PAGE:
Becoming A Mother was published in 1993. It was followed two years later by The House: Behind The Scenes at The Royal Opera House, Covent Garden (to accompany the BBC documentary series) and two novels: Eskimo Kissing (1996) and Biotech Lane (1998). Clearly Kate was on her way, but is keenly aware of the element of chance which has repeatedly influenced her career: “As well as being passionate readers, lots of people at this festival are writing, and I always tell them that the only difference between them and me is that I’m published; we’re all writers. Luck plays a massive part in this sort of thing.”

It was certainly a factor in the success of Labyrinth: “I was the lucky person sitting in the chair when the music stops. I’d actually been working on the novel for ten years, and had handed over a first draft, when my son said ‘There’s this book I saw at the airport which sounds just up your street.’ It turned out to be The Da Vinci Code, which created an appetite for that sort of book. They’re actually not that similar beyond having Grail legends and being based partly in France, but it could have been the end of Labyrinth. Instead it was a real stroke of luck.”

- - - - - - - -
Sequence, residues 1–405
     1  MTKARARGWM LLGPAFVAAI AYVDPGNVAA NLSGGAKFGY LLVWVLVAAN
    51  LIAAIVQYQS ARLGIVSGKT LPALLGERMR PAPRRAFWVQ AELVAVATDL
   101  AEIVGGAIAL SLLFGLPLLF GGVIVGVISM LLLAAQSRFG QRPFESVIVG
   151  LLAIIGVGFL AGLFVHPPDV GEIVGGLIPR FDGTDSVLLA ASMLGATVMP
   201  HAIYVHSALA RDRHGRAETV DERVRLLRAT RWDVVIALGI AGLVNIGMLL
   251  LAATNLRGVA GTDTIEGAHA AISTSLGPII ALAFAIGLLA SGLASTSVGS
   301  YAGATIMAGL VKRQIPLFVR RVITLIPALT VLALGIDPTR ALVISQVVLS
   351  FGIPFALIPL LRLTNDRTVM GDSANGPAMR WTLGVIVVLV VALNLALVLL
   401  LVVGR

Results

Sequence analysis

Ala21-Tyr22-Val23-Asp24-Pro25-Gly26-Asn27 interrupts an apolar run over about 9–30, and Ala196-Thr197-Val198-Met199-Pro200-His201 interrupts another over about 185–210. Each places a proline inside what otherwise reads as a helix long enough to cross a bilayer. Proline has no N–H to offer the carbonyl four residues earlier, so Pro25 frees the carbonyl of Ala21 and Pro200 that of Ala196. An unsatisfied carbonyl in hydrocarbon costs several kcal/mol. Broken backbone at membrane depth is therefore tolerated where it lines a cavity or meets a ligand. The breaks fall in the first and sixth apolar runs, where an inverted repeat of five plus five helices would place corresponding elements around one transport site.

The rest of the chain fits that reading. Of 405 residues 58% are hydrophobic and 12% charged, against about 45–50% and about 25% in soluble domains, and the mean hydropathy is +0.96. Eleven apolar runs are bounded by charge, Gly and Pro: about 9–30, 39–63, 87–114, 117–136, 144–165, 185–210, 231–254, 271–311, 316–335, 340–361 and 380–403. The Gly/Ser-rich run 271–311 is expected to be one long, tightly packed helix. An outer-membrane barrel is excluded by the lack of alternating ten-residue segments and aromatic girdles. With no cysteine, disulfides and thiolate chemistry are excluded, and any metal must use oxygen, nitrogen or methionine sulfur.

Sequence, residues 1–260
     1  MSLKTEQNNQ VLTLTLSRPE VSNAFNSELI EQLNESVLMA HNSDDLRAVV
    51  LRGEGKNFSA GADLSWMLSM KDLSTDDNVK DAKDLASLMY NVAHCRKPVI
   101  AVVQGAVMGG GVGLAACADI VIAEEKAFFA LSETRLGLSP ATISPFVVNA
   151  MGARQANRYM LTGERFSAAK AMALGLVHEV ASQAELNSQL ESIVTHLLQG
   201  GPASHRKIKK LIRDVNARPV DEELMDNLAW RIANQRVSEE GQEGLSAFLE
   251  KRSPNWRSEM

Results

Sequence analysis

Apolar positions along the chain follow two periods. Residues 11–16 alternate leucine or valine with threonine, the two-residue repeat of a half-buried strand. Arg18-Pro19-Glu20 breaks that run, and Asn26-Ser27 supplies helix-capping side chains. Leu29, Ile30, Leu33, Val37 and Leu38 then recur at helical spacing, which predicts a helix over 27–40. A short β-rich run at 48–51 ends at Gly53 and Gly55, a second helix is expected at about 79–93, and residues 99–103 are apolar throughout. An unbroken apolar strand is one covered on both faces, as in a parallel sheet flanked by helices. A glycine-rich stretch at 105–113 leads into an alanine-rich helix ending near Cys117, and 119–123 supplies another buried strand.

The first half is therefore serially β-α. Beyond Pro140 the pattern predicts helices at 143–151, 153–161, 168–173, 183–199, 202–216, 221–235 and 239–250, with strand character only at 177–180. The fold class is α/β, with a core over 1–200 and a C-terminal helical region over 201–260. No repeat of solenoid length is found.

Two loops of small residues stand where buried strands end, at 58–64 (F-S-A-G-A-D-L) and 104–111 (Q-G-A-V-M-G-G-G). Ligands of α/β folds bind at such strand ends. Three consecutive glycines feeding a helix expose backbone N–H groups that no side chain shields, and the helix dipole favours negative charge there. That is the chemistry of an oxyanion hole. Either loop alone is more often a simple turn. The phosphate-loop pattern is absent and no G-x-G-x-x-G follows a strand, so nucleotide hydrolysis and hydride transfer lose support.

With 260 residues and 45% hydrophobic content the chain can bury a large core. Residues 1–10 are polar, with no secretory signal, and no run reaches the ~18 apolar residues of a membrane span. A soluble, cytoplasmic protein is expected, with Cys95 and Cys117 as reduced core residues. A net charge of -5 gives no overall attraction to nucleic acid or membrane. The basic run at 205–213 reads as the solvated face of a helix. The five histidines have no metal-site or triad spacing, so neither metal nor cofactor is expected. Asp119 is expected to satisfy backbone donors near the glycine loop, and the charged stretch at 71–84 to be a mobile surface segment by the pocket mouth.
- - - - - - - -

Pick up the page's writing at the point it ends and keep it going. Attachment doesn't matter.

The fortified town of Carcassonne inspired two subsequent titles, creating what is referred to as the Languedoc Trilogy: “Labyrinth took an enormous amount of time, from when we first went to Carcassonne in 1989 until the book was published in 2005, so when it was finished I thought that would be that. Then I realised that I wasn’t finished with the Languedoc, so I wrote Sepulchre (2007) – but it still felt like an itch. Then I wrote Winter Ghosts, based on a wonderful piece of history I came across while researching Labyrinth. At the time of Henri IV de Navarre five hundred bodies were found entombed in a cave outside Tarascon, in Ariège. The period, 1328, was wrong for Labyrinth but suddenly I thought ‘I know, I have the story for this.’ I realised that I’d been avoiding writing about the Second World War because there’s so much already written, but then I found a different story and a way into it. My books are connected by place, not any ongoing storyline or characters. It feels good to be planning a series of books from the outset, because I can do all the research and write faster. But with Sepulchre and Citadel (2013) while the understanding of the place was there I had to research everything else from scratch each time, so the gaps between them appearing were longer, which never helps in publishing.”